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Svenskar och sexualitet enligt Encyklopedia

I USA finns Kinseyinstitutet som sysslar med att forska kring sexualitet och samla forskning om sexualitet. De har ett ambitiöst projekt d...



I USA finns Kinseyinstitutet som sysslar med att forska kring sexualitet och samla forskning om sexualitet. De har ett ambitiöst projekt där de samlar forskning om sexualitet från i stort sett hela världen uppdelat på länder. Länken går till vad som skrivs om Sverige och svensk forskning: The continuum complete Encyclopedia of sexuality . Det ser ut som att just den här sidan är gjort 2004, vilket innebär att de senaste fem årens forskning inte finns med.
Jag har tagit med en av artiklarna här.
Och säg inte att du blir särskilt förvånad när du läser att svenskar ser sig om väldigt jämställda, men att det är mer lagstiftningen som är jämställd än verkligheten (kvinnor tar ut det mesta av föräldraledigheten är det exempel som tas). Och det är okej för killar att ha one-night-stands, men inte för tjejer tyckte Uppsalaungdomar. Ränderna går, som sagt aldrig ur. Men följ länken och läs, det här är bilden som encyklopedian ger om svenskar och sex.

1. Basic Sexological Premises

A. Character of Gender Roles

Sweden has the reputation, especially among its own inhabitants, of being the leader in gender equity. Whether this is reality or not, the early strivings for equality—thinking of men and women as equal—started more than a century ago. Women’s movements were in the vanguard of these early efforts. In the family and matrimonial law reform of 1920, no differentiation was made between the rights and responsibilities of men and women, husbands and wives. Unfortunately, while the law drew no difference between the genders, the reality of social consciousness and behavior did differentiate. Thus, efforts shifted to achieving gender equity. Today, Swedes are more prone to think of and work for the process of gender equity, the fair and reasonable treatment of both men and women.

Depending on one’s perspective, Sweden has come close to, or is still far from, gender equity. If one takes a public or legal perspective, Sweden has come very far. Officially, women and men are treated equally and have the same rights and responsibilities. From a historical and cultural perspective, when compared with other European countries and those in the Middle East, Sweden is a real pioneer at the cutting edge. However, if we use the ideal of gender equity as the perspective and basis for evaluation, Sweden has a very long way to go. To illustrate: Sweden has led the way for other nations with a gender-neutral parental-leave law that provides almost full salary for up to a year for either parent of a new child. This means that the mother and the father can share this leave any way they want. They can split the paid leave any way they want, or either of them can take all the leave. The reality is far from gender equity. Quite a few new mothers take all the leave of absence from work; fathers never take the full leave. Very few fathers take more than a few weeks off, although their salary is fully paid during this leave. Officially, formally, there is full gender equity; in reality, Sweden is far from gender equity on this, and many other, issues. (See also: M. J. Intons-Peterson’s (1988) comparative study of the gender concepts of Swedish and American youth and D. Meyer’s 1989 study of Sex and Power: The Rise of Women in America, Russia, Sweden and Italy.)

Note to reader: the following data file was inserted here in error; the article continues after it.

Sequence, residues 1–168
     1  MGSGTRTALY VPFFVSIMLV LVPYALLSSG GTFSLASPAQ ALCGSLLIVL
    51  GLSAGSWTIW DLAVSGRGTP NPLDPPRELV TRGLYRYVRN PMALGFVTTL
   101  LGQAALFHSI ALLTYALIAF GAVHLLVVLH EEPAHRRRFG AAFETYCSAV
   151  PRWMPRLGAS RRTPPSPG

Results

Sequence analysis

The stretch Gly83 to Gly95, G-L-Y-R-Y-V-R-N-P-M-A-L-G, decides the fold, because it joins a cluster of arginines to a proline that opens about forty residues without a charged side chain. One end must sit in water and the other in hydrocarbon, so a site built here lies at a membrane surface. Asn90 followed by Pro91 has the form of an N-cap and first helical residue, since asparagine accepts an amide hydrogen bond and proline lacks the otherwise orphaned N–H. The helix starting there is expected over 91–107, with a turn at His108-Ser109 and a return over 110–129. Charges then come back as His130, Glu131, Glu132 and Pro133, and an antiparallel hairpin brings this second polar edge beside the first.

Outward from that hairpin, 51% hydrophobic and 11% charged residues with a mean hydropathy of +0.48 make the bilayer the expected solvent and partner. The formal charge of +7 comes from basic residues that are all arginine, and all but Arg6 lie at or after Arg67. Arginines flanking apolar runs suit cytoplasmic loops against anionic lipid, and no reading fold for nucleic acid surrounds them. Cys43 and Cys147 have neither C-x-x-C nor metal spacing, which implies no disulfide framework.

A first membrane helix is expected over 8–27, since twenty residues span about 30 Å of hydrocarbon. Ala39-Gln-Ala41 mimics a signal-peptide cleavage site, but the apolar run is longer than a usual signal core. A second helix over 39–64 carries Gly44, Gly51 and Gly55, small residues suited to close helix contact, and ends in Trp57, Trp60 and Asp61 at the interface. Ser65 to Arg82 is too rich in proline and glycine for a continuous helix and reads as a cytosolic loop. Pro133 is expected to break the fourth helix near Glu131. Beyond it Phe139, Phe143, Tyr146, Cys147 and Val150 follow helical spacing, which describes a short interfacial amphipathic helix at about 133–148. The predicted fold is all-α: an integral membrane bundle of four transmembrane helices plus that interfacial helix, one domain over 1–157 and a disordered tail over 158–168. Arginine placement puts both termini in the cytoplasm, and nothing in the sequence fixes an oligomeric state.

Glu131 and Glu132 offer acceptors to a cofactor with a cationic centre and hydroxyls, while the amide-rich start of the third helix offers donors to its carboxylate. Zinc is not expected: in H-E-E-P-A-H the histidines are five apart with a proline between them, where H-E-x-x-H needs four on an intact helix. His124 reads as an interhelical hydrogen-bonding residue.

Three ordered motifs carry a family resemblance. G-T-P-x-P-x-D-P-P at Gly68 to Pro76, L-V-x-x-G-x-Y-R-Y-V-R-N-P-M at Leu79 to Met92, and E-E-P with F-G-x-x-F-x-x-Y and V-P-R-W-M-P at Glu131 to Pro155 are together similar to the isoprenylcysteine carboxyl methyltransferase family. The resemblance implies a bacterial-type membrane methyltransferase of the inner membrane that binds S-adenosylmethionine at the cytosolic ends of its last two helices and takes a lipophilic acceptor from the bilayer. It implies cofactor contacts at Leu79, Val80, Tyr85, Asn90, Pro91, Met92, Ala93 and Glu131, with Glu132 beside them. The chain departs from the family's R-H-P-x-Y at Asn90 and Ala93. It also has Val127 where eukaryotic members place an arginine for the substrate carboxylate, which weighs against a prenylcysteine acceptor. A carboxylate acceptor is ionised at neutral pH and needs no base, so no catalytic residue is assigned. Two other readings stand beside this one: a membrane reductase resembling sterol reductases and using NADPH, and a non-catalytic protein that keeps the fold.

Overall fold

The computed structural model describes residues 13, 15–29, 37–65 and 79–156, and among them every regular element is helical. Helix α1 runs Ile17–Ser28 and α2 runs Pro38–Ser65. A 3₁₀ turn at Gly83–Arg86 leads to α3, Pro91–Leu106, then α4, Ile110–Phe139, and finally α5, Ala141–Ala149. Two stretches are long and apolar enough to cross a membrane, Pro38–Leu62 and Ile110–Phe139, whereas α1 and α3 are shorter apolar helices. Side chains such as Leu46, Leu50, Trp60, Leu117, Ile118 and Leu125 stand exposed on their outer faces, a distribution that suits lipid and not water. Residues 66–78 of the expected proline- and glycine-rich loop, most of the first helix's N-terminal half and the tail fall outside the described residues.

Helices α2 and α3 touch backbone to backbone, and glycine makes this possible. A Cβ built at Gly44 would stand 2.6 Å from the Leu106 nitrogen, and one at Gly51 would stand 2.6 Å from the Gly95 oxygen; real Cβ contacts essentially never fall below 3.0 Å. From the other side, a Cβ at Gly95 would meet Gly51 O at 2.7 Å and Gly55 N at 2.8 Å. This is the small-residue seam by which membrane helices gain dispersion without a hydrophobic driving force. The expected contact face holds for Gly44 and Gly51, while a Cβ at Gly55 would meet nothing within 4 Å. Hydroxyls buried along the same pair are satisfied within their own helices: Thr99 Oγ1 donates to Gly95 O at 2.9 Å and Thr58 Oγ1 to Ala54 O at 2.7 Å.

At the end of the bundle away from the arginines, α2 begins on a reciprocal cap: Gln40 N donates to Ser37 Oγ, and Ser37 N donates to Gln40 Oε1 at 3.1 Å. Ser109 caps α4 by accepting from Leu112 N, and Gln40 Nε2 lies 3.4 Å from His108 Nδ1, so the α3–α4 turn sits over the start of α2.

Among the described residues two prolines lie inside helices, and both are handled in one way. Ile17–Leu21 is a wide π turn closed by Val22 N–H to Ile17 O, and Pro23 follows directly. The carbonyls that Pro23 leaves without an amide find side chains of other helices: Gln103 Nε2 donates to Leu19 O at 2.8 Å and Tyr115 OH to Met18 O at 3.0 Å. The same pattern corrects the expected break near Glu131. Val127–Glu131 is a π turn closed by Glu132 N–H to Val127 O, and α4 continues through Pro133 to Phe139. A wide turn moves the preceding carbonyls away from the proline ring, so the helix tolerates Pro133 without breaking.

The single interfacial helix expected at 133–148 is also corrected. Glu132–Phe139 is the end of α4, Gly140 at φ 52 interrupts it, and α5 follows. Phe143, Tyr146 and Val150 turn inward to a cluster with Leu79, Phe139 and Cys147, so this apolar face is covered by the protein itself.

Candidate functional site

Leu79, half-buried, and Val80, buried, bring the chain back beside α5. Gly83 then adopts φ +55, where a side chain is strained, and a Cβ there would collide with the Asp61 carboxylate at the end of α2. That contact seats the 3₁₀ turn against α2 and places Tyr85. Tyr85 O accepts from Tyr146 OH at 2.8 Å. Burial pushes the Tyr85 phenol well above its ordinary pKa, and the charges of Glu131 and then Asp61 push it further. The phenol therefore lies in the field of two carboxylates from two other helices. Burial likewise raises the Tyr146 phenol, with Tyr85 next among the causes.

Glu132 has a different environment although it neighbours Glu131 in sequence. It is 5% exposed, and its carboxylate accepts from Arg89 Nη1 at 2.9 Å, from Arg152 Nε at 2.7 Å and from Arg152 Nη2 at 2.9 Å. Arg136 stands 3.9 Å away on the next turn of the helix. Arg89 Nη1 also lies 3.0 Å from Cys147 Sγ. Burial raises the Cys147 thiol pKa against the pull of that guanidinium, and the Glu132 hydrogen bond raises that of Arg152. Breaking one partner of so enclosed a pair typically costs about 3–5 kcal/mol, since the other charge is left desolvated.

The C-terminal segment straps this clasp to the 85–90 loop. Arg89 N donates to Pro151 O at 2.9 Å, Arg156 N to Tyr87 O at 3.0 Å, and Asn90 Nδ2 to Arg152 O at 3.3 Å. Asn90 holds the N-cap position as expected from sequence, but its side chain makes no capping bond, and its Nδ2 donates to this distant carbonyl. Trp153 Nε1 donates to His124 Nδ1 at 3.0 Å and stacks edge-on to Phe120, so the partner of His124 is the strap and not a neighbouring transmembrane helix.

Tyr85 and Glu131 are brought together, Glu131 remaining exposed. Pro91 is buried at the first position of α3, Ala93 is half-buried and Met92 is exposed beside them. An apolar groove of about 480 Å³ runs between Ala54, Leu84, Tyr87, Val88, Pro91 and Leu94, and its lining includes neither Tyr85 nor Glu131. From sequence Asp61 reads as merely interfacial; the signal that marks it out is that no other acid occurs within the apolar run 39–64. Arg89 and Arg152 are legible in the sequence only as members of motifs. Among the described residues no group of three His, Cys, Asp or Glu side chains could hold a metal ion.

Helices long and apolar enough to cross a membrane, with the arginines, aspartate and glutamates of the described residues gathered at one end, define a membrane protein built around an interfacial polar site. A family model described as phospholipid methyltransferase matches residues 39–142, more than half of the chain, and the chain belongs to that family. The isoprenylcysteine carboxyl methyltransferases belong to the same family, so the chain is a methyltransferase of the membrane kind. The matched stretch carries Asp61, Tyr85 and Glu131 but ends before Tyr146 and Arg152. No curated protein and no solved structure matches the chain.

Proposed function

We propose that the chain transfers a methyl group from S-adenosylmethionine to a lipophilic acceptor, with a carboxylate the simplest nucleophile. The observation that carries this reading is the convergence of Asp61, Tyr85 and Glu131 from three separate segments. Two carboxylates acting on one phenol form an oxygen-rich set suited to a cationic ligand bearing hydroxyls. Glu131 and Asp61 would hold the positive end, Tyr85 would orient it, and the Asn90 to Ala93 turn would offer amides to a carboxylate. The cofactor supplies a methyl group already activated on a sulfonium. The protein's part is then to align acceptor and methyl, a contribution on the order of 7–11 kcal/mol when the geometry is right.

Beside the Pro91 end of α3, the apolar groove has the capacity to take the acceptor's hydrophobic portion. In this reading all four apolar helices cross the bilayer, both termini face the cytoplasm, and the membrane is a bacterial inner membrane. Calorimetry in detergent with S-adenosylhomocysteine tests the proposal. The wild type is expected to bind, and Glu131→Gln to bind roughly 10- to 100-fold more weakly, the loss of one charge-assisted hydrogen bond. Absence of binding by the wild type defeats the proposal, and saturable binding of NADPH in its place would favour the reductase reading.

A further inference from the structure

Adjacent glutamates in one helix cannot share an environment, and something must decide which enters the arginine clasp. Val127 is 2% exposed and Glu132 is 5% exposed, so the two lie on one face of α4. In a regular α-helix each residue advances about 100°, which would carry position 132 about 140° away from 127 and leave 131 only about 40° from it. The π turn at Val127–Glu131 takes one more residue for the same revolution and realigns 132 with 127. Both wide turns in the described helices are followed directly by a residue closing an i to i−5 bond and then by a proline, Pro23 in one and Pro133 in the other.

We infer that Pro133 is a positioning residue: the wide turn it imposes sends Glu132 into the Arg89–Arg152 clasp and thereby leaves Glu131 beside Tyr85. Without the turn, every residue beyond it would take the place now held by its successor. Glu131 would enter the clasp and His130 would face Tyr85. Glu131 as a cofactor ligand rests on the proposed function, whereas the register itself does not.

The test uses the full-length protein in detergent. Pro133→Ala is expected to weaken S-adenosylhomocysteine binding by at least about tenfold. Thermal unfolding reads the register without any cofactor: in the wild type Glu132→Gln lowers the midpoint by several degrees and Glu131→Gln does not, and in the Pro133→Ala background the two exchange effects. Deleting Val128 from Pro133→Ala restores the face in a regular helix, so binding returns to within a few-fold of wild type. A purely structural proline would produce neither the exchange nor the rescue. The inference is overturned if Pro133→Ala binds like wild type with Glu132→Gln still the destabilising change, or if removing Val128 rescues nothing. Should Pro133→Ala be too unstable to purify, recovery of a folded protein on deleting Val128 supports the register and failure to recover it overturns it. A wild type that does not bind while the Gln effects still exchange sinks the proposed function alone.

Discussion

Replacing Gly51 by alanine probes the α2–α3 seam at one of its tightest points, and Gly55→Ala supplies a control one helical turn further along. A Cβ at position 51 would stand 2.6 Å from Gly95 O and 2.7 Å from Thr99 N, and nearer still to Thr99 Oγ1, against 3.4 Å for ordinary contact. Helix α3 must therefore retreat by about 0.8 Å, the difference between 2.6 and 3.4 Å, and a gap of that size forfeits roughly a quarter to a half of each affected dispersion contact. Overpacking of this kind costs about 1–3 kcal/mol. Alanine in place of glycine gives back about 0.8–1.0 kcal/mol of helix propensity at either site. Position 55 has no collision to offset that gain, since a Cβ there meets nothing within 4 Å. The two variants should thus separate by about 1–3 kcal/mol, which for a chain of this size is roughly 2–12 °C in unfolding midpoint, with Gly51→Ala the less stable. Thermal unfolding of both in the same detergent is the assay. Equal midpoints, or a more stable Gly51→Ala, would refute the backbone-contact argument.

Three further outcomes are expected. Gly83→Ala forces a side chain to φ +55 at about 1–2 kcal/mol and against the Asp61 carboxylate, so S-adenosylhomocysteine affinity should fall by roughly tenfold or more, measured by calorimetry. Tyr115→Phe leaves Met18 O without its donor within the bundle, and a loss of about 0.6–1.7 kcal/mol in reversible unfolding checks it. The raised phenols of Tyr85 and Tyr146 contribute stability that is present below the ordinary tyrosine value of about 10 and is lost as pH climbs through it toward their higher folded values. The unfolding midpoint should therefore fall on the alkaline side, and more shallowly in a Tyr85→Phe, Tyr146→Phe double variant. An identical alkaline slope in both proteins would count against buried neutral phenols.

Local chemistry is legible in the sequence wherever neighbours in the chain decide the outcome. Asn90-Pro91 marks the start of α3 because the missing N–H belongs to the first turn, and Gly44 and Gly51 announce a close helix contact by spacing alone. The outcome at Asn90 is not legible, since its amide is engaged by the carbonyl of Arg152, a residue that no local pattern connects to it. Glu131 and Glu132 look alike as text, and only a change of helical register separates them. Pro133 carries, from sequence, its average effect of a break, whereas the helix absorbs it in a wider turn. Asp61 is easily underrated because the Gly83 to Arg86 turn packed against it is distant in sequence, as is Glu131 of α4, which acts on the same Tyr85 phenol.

B. Sociolegal Status of Males and Females

For both females and males, the age of majority is 18 years. However, it is illegal to have sexual intercourse or engage in sexual (genital) touches with a person under the age of 15 years, regardless of whether the underage person is male or female, whether the couple is same- or opposite-gendered, and whether it is voluntary or involuntary. Sexual intercourse or contact is also prohibited by law under the age of 18 when the younger person is under the custody or supervision of the older person. Otherwise, the legal status and prohibitions, including sexual harassment and rape, are the same for all persons (Meyer 1989).

C. General Concepts of Sexuality and Love

In general, the Swedes have a liberal and permissive attitude towards sexual relations and intercourse, although, as in all societies, some restrictions are commonly accepted. This is illustrated by a 1992 study on a representative sample of 729 Uppsala University students, aged 19 to 23. About 70% of both male and female respondents believed that it is acceptable for a 15-year-old girl to have sexual intercourse with a steady boyfriend; the same percentage approved of a 15-year-old boy having sex with his steady girlfriend. More than 90% of both male and female respondents did not approve of a 15-year-old girl having sexual intercourse with a casual partner. Only 40% of the males and 50% of the female respondents disapproved of a 15-year-old boy having sex with a casual partner. The double standard still colors what is acceptable, “even” in Sweden. It is stronger among males than among females, and this holds true even among the highly educated.

Almost all of those students disapproved of a married or cohabiting person having sexual intercourse with another person other than the spouse or cohabitation partner. In this regard, males and females did not apply a double standard and were equally restrictive in their views of “extra” sexual behavior by both men and women.

Generally speaking, females in this university sample were somewhat more restrictive or less permissive than males, but the differences are generally not significant.

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